The crucial step of the process during the time-resolved electron diffraction measurements is maintaining the high voltage (75 keV) without current fluctuation since the distance between the photocathode and anode plate is only ~10 mm. If the current fluctuates above the range of 0.1 µA before or during the experiments, increase the acceleration voltage up to 90 keV to discharge and set it again to 75 keV. This conditioning process has to be done until the current fluctuates in the range of 0.1 µA. The proper design of the electron source with enough dielectric strength is the most important point to develop this kind of machine.

In general, time-resolved IR vibrational spectroscopy and time-resolved electron diffraction techniques can be applied for only the materials that undergo photoinduced structural changes. However, these techniques have great advantages to observe the structural dynamics on soft materials because the electron probe is more sensitive to the positions of light elements (carbon, oxygen, nitrogen, hydrogen, etc.) than the X-ray probes, and because the mid-IR probe is more sensitive to the vibrational mode of the bonds between the light elements than the light with other range of wavelength.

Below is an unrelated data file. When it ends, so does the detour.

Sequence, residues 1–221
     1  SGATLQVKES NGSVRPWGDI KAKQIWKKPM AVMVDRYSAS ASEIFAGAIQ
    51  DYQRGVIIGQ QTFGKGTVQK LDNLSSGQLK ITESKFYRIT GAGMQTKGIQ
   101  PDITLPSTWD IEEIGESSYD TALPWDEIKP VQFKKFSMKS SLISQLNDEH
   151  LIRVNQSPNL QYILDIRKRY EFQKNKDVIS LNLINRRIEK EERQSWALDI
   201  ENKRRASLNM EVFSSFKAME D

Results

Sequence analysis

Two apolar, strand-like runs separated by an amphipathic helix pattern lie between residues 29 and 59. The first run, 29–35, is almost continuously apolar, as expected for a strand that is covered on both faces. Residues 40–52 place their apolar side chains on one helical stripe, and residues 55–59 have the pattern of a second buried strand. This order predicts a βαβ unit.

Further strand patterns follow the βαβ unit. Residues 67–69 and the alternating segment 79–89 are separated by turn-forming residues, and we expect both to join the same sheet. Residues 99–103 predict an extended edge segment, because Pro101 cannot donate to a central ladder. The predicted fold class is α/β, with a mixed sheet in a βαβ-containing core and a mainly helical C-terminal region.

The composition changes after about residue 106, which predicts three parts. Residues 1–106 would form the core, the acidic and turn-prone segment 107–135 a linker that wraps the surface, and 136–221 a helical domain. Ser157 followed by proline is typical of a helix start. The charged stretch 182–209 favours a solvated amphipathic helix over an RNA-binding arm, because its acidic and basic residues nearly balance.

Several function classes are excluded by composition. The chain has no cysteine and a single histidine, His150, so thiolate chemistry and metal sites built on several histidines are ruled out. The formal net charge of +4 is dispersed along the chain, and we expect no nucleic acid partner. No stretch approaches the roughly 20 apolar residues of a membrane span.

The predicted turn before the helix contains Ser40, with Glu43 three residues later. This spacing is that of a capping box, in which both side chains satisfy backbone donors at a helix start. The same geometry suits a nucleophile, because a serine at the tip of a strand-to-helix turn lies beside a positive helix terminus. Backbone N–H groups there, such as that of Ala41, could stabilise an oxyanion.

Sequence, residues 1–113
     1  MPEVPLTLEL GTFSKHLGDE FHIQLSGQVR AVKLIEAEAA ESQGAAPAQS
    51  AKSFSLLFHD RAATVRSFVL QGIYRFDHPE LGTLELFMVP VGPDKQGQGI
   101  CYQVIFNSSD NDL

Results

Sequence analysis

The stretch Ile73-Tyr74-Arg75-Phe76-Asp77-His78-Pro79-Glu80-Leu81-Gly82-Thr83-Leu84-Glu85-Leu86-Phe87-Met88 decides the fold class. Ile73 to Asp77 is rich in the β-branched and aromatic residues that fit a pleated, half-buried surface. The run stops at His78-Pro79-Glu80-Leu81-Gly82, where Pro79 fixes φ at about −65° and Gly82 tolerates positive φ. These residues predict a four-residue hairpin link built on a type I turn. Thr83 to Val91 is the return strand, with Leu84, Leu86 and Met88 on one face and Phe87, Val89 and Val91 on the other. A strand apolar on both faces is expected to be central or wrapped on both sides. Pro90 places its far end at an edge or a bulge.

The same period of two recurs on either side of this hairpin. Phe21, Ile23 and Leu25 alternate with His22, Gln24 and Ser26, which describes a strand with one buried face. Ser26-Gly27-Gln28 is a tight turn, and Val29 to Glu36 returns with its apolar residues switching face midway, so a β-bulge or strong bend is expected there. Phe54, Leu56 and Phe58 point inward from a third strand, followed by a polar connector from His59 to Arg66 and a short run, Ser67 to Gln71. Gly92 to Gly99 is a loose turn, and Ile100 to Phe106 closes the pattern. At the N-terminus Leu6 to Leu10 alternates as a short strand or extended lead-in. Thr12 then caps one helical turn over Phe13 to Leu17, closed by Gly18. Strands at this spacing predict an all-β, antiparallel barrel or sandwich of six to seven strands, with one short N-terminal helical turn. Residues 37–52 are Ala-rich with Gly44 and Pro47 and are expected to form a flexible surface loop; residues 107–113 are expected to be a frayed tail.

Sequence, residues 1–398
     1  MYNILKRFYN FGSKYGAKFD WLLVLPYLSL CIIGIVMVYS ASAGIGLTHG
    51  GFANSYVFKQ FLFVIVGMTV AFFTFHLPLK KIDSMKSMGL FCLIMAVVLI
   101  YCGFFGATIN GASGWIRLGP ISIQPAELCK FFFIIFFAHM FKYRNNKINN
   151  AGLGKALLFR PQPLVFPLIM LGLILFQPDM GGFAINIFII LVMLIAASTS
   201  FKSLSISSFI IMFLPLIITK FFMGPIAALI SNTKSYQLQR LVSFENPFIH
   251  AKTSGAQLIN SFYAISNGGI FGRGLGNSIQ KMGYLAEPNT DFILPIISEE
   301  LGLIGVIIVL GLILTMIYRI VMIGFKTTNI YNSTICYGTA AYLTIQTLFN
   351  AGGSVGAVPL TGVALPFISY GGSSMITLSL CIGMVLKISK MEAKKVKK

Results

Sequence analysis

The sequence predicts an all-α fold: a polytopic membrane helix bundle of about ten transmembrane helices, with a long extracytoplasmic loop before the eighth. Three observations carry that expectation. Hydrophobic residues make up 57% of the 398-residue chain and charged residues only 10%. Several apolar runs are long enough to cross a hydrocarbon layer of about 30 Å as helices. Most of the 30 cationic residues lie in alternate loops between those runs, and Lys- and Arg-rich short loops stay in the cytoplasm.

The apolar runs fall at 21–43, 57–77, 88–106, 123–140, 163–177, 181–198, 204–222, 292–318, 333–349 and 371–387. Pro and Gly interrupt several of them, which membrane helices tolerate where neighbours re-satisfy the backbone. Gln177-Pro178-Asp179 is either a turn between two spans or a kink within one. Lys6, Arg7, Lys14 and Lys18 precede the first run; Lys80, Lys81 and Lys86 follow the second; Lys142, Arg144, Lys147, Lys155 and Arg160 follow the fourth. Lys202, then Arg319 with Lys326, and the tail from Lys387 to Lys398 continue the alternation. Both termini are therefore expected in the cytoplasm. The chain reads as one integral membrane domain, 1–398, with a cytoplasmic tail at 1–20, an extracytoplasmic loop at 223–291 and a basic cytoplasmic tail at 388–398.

In summary, differential-detection analyses of the combination of time-resolved IR vibrational spectroscopy and electron diffractometry can provide direct observations of the structures and the dynamics of LC materials. This approach can be applied more generally to determine the local structural motions of stimuli-responsive units in complicated soft matter systems, such as cell-membrane proteins, suggesting a new direction for the science of ultrafast structural dynamics.

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Disclosures

The authors have nothing to disclose.

Acknowledgements

We thank Dr. S. Tanaka at Tokyo Institute of Technology for time-resolved IR vibrational spectroscopy measurements and Prof. M. Hara and Dr. K. Matsuo at Nagoya University for XRD measurements. We also thanks Prof. S. Yamaguchi at Nagoya University, Prof. R. Herges at Kiel University and Prof. R. J. D. Miller at the Max Planck Institute for the Structure and Dynamics of Matter for valuable discussion.